More than 70 House Democrats are signing on to a letter pressing Democratic leaders to not include a side deal with Sen. Joe Manchin (D-W.Va.) on reforming the permit process for energy projects in a bill funding the government.

The permitting reform language was offered to Manchin to win his vote on the massive climate, tax and health care bill known as the Inflation Reduction Act that was signed into law by President Biden last month.

Manchin provided the critical support to get that bill through the evenly divided Senate after winning concessions from Democratic leaders.

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But in the new letter, the Democratic lawmakers are asking Speaker Nancy Pelosi (D-Calif.) and House Majority Leader Steny Hoyer (D-Md.) not to include the permitting reforms championed by Manchin into a stopgap funding measure that Congress is expected to take up this month.

Without a stopgap funding measure, the government will shut down on Oct. 1.

“The inclusion of these provisions in a continuing resolution, or any other must-pass legislation, would silence the voices of frontline and environmental justice communities by insulating them from scrutiny,” they lawmakers wrote. 

“We urge you to ensure that these provisions are kept out of a continuing resolution or any other must-pass legislation this year,” they added in the letter that was spearheaded by Rep. Raúl Grijalva (D-Ariz.).

The opposition from Democrats is a significant problem. If the group follows through on the letter, Democrats might not have the votes to pass a government funding bill if it includes the language backed by Manchin. 

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And the fact that so many members signed on to the push may give them some additional leverage.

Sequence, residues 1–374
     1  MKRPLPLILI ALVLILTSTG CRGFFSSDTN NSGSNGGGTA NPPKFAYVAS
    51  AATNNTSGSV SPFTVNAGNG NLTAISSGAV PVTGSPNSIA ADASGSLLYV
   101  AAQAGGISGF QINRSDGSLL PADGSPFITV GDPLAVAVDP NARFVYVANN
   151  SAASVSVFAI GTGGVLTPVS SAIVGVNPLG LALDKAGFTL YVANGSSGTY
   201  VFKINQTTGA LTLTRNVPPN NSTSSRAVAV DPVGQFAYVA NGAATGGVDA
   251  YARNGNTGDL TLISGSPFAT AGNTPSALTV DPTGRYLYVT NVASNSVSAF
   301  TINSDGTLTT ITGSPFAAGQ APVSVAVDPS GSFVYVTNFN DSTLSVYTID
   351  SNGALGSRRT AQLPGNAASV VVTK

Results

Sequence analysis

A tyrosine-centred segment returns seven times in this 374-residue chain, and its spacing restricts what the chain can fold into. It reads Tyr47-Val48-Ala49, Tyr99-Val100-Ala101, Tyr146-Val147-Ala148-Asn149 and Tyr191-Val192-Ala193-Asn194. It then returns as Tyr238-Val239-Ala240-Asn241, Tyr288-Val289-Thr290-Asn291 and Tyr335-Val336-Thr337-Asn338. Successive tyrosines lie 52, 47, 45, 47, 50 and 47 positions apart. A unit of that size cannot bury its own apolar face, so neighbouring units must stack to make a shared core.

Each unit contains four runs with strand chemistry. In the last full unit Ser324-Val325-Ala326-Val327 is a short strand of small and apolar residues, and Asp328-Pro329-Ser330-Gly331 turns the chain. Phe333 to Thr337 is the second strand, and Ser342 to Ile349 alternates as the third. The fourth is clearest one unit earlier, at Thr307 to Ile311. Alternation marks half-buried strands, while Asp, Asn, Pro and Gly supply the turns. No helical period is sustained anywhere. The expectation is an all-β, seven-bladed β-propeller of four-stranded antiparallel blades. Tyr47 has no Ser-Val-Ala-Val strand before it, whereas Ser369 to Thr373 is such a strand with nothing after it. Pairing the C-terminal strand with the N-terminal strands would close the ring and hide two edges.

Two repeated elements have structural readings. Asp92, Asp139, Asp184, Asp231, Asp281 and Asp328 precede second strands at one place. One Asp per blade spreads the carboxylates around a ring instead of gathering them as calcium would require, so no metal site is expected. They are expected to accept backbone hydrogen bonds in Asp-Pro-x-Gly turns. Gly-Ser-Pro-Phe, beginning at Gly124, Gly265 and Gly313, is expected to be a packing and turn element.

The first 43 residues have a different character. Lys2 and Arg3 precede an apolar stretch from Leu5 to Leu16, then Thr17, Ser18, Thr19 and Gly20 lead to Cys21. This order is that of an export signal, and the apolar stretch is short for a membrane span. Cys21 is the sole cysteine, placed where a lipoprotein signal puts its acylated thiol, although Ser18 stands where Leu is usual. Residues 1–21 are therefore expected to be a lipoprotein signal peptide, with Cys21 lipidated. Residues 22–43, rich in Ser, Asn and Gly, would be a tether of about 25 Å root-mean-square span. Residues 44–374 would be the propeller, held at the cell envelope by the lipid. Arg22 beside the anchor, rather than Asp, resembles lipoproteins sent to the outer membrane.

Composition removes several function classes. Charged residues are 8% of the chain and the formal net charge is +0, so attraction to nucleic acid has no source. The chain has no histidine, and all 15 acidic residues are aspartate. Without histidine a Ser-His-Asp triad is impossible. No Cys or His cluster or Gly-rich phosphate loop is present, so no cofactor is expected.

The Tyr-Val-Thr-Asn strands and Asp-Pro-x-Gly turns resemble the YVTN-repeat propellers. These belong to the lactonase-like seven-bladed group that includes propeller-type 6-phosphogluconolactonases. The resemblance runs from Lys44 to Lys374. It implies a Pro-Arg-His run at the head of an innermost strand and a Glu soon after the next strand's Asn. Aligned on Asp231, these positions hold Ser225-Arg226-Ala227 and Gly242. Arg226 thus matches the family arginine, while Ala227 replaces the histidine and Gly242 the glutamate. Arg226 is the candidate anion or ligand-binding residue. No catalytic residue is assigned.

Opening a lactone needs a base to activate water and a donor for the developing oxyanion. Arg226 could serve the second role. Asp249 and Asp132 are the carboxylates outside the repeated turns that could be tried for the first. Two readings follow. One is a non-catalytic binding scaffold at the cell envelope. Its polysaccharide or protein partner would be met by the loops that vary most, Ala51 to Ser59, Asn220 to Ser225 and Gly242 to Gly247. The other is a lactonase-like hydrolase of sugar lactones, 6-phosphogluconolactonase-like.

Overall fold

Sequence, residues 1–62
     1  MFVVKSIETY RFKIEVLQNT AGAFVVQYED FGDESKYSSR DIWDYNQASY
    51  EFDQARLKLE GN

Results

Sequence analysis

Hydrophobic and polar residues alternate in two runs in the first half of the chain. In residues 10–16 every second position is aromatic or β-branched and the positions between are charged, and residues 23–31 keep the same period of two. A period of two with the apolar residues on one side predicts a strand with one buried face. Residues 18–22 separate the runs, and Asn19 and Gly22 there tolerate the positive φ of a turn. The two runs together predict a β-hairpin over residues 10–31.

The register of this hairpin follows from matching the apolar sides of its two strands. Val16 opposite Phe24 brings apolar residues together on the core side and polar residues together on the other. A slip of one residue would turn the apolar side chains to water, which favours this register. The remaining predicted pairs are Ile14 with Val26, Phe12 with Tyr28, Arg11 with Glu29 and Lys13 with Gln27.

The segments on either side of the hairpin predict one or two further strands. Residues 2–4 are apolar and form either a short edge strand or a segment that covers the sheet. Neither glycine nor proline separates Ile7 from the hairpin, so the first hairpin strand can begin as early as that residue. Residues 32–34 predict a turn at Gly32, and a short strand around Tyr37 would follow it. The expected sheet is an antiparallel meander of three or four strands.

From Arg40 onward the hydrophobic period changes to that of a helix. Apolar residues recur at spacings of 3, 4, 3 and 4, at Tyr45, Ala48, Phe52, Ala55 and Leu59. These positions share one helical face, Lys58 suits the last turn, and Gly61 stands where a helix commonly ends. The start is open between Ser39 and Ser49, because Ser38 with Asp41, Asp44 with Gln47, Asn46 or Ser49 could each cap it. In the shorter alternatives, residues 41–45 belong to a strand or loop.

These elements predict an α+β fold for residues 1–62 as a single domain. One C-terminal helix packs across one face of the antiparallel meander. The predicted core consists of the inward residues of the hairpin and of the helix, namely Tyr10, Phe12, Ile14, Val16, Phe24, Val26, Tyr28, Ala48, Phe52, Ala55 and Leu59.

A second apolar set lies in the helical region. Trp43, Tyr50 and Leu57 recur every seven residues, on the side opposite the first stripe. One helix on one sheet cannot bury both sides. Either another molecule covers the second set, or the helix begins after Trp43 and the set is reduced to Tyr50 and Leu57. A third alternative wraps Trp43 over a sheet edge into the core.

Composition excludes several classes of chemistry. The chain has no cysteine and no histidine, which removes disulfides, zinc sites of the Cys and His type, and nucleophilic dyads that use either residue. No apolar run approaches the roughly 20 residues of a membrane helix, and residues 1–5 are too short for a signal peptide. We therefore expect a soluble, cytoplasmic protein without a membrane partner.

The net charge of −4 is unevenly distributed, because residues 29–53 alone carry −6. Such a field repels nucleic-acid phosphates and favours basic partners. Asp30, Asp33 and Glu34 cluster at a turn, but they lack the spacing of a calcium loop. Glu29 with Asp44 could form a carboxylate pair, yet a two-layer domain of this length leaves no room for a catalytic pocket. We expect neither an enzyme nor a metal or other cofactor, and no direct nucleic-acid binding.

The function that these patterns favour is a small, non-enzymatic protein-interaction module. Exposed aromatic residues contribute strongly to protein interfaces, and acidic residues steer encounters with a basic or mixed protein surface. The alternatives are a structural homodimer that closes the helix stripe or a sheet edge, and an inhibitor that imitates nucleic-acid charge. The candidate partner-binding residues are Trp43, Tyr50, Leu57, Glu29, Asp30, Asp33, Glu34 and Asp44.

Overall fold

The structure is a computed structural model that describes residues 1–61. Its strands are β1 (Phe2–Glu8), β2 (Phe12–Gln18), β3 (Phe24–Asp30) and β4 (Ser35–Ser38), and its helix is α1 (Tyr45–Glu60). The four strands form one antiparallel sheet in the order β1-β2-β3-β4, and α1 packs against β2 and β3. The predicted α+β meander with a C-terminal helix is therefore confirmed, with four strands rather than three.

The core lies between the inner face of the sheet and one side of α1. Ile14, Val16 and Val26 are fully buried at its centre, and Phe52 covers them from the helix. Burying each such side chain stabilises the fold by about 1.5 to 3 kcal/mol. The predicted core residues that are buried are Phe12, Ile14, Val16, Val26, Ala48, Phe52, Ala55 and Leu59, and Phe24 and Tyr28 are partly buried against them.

Democrats have historically opposed any changes perceived as undercutting environmental reviews in the permitting process, arguing that this could hamper the consideration of climate and pollution concerns. 

When they announced the agreement on the major climate, tax and health care bill, Senate Majority Leader Charles Schumer (D-N.Y.) and Manchin said that they, along with Pelosi and President Biden, had reached a deal to pass permitting reform by October to secure Manchin’s vote.

Schumer has already said publicly that he would include the provisions in a stopgap funding measure, known as a continuing resolution.

Legislative text on these reforms have not yet been released, but a summary from Manchin’s office says they would set maximum timelines for environmental reviews assessing an energy project’s potential climate and pollution impacts, restrict states’ abilities to block projects that run through their waters and require the president to prioritize certain projects. 

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Specifically, the president will be required to prioritize permitting for a “balanced” list of projects including both fossil fuels and renewable energy. 

The summary also said the package will require the completion of the Mountain Valley Pipeline, a controversial vessel that would carry natural gas from West Virginia to Virginia. 

Grijalva previously told The Hill that he didn’t feel an “obligation” to vote for the changes since he was not part of the negotiations with Manchin. He has argued that members should not have to choose between funding the government and voting for changes that they oppose. 

In the new letter, the lawmakers said that they support bolstering the environmental review process by providing more funding for government agencies, but oppose “attempts to short-circuit or undermine” a key environmental law requiring the reviews.

Updated at 1:04 p.m.